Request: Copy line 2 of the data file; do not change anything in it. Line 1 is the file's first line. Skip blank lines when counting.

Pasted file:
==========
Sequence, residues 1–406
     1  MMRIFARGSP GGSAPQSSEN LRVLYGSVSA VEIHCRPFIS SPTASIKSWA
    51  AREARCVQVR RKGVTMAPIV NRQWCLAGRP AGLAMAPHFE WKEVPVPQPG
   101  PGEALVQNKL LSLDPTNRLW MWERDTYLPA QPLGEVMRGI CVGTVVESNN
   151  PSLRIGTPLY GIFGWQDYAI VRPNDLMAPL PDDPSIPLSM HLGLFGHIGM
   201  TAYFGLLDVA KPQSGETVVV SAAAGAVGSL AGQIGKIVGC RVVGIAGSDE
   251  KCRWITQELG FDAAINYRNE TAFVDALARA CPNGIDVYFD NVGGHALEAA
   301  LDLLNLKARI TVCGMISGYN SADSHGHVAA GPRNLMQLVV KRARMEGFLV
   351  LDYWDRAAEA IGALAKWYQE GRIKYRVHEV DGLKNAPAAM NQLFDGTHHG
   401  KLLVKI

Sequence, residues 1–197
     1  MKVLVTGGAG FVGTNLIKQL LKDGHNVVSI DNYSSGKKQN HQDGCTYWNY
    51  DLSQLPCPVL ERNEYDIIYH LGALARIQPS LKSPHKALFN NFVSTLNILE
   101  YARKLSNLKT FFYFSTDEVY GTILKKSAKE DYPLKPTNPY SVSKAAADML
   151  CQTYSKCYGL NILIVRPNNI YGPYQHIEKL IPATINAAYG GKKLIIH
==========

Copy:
     1  MMRIFARGSP GGSAPQSSEN LRVLYGSVSA VEIHCRPFIS SPTASIKSWA